Nearly 1,000,000 people in America alone suffer from Parkinson's disease, a chronic and progressive movement disorder that affects your central nervous system. What's even more frightening is that the cause is unknown and there's no cure…
However, according to a brand new study published in JAMA Neurology, people who have suffered traumatic head injuries and lost consciousness are at higher risk of developing Parkinson's disease later in life.
Could it be the head injury itself that initiate the cascade of events that ultimately lead to Parkinson's disease? Lead researcher Dr Paul Crane, professor of medicine at the University of Washington School of Medicine in Seattle, US, tells all…
New study finds a link between head injury and loss of consciousness and increased risk for Parkinson’s disease
Dr Crane explains that the reason for this may be the head injury itself. Or, he suggests, the head injury may not cause Parkinson’s disease, but make it more difficult for people who’ve sustained a head injury to recover, adjust or deal with the events leading to Parkinson’s disease that are separate rom the injury itself.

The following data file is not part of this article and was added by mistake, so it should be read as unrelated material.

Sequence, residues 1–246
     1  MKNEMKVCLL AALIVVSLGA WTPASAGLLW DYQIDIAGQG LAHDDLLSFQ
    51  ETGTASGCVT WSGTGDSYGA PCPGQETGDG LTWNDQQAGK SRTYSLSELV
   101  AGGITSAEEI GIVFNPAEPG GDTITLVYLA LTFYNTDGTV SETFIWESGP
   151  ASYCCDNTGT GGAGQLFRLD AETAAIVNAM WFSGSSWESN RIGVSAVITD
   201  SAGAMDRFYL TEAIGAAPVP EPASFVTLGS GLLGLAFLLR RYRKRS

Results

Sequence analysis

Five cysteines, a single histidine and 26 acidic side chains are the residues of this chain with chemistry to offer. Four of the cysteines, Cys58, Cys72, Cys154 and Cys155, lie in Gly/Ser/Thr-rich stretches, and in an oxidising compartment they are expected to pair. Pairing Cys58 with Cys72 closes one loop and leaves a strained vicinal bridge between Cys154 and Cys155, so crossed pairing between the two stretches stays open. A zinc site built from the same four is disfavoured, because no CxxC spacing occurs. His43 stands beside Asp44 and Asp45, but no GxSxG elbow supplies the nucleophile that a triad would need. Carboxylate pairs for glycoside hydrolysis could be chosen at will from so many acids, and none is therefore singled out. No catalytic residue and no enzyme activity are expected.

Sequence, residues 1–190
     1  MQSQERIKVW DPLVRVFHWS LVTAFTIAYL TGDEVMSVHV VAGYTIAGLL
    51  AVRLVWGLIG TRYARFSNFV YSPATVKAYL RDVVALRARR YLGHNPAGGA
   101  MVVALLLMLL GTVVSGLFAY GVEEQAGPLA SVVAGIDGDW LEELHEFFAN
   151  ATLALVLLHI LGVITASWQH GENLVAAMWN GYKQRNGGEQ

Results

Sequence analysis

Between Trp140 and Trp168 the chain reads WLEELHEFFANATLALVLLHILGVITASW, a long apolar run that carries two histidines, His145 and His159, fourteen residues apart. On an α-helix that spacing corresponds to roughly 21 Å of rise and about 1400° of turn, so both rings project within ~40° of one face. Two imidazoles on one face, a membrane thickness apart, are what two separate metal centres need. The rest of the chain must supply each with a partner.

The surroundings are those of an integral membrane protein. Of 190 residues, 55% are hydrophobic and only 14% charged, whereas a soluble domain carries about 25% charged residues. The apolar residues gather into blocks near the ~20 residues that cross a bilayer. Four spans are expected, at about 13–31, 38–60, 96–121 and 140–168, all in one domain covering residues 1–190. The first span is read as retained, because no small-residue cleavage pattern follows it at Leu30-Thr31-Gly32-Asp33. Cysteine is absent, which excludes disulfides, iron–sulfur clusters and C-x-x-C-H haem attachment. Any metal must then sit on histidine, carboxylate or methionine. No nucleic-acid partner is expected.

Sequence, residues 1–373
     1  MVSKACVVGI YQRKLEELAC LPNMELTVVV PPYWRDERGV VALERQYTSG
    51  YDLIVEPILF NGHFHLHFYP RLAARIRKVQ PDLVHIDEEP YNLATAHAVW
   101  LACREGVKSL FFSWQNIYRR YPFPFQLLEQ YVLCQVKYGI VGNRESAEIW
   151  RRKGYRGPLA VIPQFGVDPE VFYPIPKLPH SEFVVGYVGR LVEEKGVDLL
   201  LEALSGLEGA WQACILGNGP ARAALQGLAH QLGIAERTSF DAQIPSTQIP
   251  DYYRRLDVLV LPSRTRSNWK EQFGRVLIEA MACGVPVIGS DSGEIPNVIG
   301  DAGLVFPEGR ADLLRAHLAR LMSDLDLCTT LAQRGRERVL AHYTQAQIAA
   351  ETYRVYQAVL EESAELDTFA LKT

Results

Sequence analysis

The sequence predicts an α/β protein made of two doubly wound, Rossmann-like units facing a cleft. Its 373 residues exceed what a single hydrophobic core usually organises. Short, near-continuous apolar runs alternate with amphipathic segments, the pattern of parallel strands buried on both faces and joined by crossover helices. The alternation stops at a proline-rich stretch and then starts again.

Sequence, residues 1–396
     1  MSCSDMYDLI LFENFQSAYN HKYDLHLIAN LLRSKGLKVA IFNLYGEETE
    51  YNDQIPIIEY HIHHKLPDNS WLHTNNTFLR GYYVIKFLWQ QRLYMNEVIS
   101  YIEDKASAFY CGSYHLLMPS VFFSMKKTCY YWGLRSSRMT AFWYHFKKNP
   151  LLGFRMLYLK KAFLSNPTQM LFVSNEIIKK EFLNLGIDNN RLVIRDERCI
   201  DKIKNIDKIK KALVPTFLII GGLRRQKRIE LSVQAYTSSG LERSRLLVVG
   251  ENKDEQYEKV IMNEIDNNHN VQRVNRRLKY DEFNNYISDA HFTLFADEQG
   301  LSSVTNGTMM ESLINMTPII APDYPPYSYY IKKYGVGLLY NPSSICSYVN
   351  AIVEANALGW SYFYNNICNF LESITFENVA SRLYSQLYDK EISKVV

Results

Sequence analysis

For the study, Dr Crane and his team looked at data on more than 7,000 older adults at an average age of 80. Among the subjects, 865 had suffered a head injury and lost consciousness at some point. Out of these subjects, 142 were unconscious for over an hour. The team found that over 1,500 subjects suffered from some type of dementia
, while 117 had Parkinson’s disease.
The research team found a significant link between brain injury with loss of consciousness for more than an hour and a heightened risk for Parkinson’s disease. The team also found that head injury sufferers were at increased risk of microscopic stroke. They didn’t, however, find a correlation between head injury and loss of consciousness and heightened risk for dementia
Is it just a bad memory? Or the early signs of Alzheimer's disease?
You know what it’s like to forget a name, misplace your keys, or lose your train of thought. It happens to everyone every so often.
But if you find yourself often repeating a question, forgetting your friends’ names or where you parked your car, it’s important you take five minutes to read this urgent alert NOW…
Researchers strongly advise that people take protective measures when participating in activities
The team couldn’t find a reason as to why head injury and loss of consciousness may increase your risk for Parkinson’s disease. However, Dr Mill Etienne, spokesperson for the American College of Neurology, strongly suggests that everyone takes protective measures when participating in activities when a head injury is likely.
No matter what the activity is, do what you can to protect your brain. Even if a head trauma happens when you’re young, it can have a severe, long-lasting impact later in your life. It may even be a good idea to eliminate activities with very high levels of risk of head injuries, Dr Crane says.
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